As I mentioned in a previous update, I’m playing this in the role of CEO and not actually flying the routes myself (as is possible). I’m about 45 days in and still enjoying the strategy of it all. I’m sure at some point I will grow bored with it. Unfortunately Air Hauler 2 doesn’t have a pause feature. As an example, if I simply stop playing for a month or two and then relaunch the application, I will most likely find my cargo company bankrupt as the monthly lease, rent and salary payments will continue to be paid out. To prevent this from happening I would need to essentially sell off any assets, turn in any leased aircraft, fire pilots and close down bases/factories. But for now, I still enjoy spending an hour or so each day just planning out flights and ensuring enough revenue is coming in to keep the forward momentum going.
Thanks for reading.
Until next time…
Happy Cargo Hauling!!!
A few weeks ago I posted about my progress of running Air Hauler 2 in a standalone environment where I was just acting as CEO and directing my AI Pilots here and there hauling cargo from our two Colorado hubs. Since that time, I’ve managed to both grow and also somewhat consolidate the business into a more revenue generating and efficient operating machine.
In the early stages of getting the business off the ground (pun intended), the need for smaller, single pilot aircraft was very much needed and heavily utilized. As the business grew, I began to realize that these smaller aircraft were actually holding me back from the higher paying jobs. While it’s possible to just schedule a King Air and one pilot to fly back and forth between airports until they’ve managed to move all the cargo. This method is also not efficient. So I decided to make a few adjustments to the fleet.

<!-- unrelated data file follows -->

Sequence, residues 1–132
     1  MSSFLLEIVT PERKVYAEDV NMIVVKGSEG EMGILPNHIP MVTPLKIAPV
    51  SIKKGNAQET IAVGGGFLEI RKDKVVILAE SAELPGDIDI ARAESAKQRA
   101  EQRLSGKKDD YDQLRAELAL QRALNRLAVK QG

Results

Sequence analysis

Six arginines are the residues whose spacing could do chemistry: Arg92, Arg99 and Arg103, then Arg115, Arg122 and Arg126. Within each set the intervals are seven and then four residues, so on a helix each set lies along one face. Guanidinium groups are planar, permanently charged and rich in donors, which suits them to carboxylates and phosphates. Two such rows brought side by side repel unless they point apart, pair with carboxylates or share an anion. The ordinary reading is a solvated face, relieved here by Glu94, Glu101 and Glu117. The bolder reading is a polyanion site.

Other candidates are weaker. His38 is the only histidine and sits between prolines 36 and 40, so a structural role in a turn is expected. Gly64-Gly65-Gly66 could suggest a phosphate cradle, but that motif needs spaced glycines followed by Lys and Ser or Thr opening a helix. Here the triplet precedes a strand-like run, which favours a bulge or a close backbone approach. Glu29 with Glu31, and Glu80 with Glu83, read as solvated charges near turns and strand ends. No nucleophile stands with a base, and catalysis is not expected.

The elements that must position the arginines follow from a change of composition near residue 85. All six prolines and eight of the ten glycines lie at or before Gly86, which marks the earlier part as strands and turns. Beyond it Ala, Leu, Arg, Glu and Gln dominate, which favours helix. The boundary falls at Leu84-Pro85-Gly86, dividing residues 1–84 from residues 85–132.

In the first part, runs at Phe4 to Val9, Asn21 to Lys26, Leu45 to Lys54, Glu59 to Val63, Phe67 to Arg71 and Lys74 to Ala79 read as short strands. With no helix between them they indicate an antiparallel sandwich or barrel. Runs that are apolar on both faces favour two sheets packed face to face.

After having experienced my own layoff earlier this summer from a company I had spent the past 22 years fully dedicated to, I didn’t want this change of business model to impact any of my hired AI. So I set about a plan to train pilots up to the next level of aircraft. But this isn’t as straightforward as one might think. In the perfect world I had hoped I could simply train two of my King Air pilots up to the Boeing 737 and eliminate two King Air aircraft and keep one. But I found one was qualified and one was not. So I took a step back and re-evaluated my staff and operations.
After this re-evaluation effort, I decided I would sell off all three King Air aircraft from the fleet. Of the three pilots impacted by this decision, one would be trained up to the 737 and the other two would be trained up to the Connie. Two of the existing Connie pilots would then undergo training for the 737. Once their training was complete, I would hire a brand new pilot already qualified on the 737. So in reality, this plan is growing our cargo hauling capacity, but also eliminating three aircraft from the fleet. I then leased two Boeing 737-800 aircraft configured for cargo operations.